gettin’ ready for the garlic:  tips and tricks for growing, harvesting and cooking
gettin’ ready for the garlic: tips and tricks for growing, harvesting and cooking

gettin’ ready for the garlic: tips and tricks for growing, harvesting and cooking

Monday evening, I got to spend some time out in the gardens at lunch.  I planted some potato slips and yellow sweet onion bulbs but got most excited about the garlic.  Last harvest year on a whim, I took a handful of garlic cloves, buried

garlic stalks, May 2011

them in the dirt in November, then was ecstatic to pull fresh garlic bulbs out of the ground in late May.  That garlic, while small, became the base garlic for all my pickles and marinara.

When the tall green stalks wilted and keeled over, I was afraid I’d lost the small crop.  To my surprise, I discovered the single clove had multiplied into small bulbs.  Upon peeling them for canning, I realized they had been harvested a bit young, but for a first time garlic gardener, not too shabby!

So when I stood out in the onion and garlic bed on Monday around noon, it was a bit tempting to want to pull up this year’s batch.  I think I’ll have close to 30 bulbs if all come in ok.  I restrained myself, however, thinking how much better they’ll taste (and peel) if I let them mature awhile longer.  In the meantime, I’ll be planning how to get ready for the garlic.

1.  Don’t harvest to early–you’ll have smaller cloves with less taste and most importantly, they will be buggers to peel. (even with the garlic peeling tunnel I mentioned in my post on guilty pleasures for homesteading).

2.  When the stalks die back, don’t worry!  The garlic underneath the ground isn’t rotten or dead.  It’s just getting closer to harvest.

3.  Garlic needs to be dried adequately so it doesn’t mildew or rot. This process is known as “curing.”   I lay mine out in the hot sun for several days until the peeling becomes crunchy and translucent.  Some people like to braid their garlic and hang it in a dry place.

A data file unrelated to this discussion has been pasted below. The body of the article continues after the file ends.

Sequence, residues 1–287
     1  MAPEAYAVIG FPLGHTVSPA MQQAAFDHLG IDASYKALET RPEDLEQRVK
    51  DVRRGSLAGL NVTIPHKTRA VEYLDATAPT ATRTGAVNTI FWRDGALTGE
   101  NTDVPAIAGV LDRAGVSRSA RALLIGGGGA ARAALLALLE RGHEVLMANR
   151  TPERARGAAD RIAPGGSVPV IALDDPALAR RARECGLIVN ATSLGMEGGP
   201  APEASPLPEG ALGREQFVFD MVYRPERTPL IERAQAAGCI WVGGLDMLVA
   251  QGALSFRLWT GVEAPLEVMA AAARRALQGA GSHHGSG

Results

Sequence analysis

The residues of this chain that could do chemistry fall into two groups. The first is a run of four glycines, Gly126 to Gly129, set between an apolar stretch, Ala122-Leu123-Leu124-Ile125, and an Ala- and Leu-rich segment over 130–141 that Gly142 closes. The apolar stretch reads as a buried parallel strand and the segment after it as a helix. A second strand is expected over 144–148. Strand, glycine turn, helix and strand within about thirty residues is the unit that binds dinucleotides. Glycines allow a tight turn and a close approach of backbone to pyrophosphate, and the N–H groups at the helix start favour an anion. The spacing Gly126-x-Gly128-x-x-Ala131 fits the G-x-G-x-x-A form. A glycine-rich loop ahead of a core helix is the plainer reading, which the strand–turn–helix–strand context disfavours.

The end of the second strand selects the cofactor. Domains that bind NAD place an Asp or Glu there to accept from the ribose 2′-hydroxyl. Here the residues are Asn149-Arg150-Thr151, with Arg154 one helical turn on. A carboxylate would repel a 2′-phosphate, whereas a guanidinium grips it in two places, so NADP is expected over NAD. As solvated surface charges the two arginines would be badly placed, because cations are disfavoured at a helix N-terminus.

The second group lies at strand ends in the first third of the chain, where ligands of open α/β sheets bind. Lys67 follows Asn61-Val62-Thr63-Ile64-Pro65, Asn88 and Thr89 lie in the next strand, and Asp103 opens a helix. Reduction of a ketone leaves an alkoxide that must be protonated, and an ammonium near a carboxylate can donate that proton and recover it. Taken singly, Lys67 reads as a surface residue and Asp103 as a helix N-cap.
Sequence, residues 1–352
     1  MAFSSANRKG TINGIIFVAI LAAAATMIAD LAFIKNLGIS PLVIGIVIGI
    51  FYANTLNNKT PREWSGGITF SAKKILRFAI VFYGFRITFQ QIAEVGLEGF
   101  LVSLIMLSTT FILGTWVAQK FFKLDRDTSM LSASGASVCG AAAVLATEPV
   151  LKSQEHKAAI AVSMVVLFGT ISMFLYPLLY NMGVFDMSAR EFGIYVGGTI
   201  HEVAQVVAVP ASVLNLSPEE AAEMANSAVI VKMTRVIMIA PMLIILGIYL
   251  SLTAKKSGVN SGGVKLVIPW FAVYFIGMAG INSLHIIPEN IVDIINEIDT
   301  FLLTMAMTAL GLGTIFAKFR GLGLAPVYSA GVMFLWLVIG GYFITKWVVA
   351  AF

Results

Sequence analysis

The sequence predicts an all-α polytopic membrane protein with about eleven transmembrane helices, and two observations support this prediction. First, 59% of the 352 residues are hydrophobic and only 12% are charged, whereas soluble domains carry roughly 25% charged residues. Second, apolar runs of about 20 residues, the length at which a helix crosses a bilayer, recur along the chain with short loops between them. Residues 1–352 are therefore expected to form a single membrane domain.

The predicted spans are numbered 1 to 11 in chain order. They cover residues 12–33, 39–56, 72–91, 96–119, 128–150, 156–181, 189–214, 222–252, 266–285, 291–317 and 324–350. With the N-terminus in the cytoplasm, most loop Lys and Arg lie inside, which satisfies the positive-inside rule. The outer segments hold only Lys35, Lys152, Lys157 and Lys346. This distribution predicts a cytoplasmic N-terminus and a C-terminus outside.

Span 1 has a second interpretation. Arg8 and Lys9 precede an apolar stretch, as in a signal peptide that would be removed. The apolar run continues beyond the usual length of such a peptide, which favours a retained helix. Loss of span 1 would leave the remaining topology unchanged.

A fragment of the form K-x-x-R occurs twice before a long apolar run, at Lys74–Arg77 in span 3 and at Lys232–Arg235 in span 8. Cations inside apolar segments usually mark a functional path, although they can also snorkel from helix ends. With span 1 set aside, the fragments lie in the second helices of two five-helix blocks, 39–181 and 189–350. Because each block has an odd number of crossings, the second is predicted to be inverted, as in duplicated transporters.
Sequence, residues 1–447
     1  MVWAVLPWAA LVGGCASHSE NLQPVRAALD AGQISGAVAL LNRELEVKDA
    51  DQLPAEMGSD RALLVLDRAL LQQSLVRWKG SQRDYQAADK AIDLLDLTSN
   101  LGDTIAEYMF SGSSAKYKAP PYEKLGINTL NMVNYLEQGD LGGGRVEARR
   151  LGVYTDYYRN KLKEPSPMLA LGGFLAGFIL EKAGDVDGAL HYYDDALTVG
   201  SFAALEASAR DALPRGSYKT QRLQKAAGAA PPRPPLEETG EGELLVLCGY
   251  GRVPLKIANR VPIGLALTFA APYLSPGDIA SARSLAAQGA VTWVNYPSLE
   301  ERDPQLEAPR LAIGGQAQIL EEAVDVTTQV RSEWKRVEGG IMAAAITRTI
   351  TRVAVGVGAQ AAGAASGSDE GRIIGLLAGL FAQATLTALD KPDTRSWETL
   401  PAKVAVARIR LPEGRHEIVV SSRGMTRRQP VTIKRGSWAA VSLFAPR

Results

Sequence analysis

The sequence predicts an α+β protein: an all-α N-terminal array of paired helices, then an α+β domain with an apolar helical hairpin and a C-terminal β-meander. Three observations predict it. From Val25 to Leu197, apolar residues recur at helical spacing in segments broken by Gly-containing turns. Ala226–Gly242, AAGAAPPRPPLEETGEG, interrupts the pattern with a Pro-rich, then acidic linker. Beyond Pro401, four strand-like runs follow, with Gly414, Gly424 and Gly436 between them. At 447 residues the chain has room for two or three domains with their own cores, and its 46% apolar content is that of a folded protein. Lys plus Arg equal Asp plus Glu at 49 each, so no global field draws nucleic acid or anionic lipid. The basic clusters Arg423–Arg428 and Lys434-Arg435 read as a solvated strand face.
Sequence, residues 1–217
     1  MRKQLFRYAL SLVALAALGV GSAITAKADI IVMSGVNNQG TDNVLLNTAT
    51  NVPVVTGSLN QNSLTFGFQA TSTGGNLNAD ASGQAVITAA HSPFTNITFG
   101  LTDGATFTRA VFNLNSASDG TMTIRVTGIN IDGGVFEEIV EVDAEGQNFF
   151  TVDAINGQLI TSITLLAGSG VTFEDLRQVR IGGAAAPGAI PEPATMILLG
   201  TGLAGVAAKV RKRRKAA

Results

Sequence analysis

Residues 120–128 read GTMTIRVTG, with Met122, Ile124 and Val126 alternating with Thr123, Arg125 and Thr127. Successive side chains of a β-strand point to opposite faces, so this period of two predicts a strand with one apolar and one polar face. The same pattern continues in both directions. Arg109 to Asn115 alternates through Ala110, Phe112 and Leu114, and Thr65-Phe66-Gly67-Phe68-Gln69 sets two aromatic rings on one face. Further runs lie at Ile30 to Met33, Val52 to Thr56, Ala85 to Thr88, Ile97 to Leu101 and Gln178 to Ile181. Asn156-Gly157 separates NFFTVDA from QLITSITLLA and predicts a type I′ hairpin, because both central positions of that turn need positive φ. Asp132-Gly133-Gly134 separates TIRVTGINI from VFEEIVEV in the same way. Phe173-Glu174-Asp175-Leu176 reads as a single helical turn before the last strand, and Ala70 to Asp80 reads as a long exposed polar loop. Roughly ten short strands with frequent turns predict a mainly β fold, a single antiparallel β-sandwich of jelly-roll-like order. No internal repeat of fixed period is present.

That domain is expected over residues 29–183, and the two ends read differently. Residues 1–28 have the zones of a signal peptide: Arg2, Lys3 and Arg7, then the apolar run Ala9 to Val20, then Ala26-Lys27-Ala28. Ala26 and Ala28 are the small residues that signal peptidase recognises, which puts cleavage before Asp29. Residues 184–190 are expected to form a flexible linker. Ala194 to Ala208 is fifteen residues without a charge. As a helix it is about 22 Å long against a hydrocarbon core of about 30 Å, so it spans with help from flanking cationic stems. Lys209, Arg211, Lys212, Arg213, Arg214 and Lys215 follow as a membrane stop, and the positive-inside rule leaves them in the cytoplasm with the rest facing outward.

curing the garlic

4.  I cut the shoots and loose ends of roots off mind after drying so they don’t create the potential for rotting/mildew.

5.  I just stored mine in open mason jars in my kitchen cabinet.

6.  And my favorite part. . .I start picking out recipes that require garlic, lots and lots of it.

Some ways I like to prepare garlic:

Roasting it in my small toaster oven then adding it to a sweet potato salad or any other dish calling for garlic–it has a bit of a sweet spicy flavor when roasted.

Sauteeing it with olive oil and young greens (I like a trio of kale, chard, and spinach).

Mincing and stirring in sauces or soups.

Marinating poultry in garlic, lime juice, cumin, salt, and pepper then making soft tacos

Pressing into a small mason jar then adding oil, vinegar, lemon or orange juice, salt, pepper, and honey and splashing it on a summer salad

So, enjoy!  And if you didn’t grow garlic this year, check out your local farmer’s market and grab a few bulbs.  Lots of variety and lots of flavor.



  1. I didn’t know you could interplant onions and garlic… do they do well that way? This is my first year planting onions, and I hope to plant garlic in the fall. I have very limited space, so I want to find combinations that play well together. I love reading about other people’s gardens!

    1. I don’t necessarily have them interspersed, they just share the same bed but are close. I did find last year that I could sow kale around my garlic, and it did just fine. I also did a combination of chard and strawberries–planted the strawberries for spring/early summer then chard among the strawberry plants for late summer/fall. I ended up with chard through November.

      1. I’m thinking of putting carrots into the tomato containers this year. I decided that since tomatoes do well in containers, I would put a bunch of grow bags in the sunniest part of our property–the driveway–and have my tomato patch there. And since the soil will be nice and deep, try putting the carrots around the tomato plant. Isn’t there a book called Carrots Love Tomatoes or something like that? We’ll see how it goes! Thanks for your reply. 🙂

      2. Elizabeth,
        I tried carrots in deep containers last year and was quite pleased! Same with potatoes. It makes them easier to harvest as well–just dump the container into a wheelbarrow, retrieve the root veggies, and start over. Good luck, and keep me posted! ~Cameron

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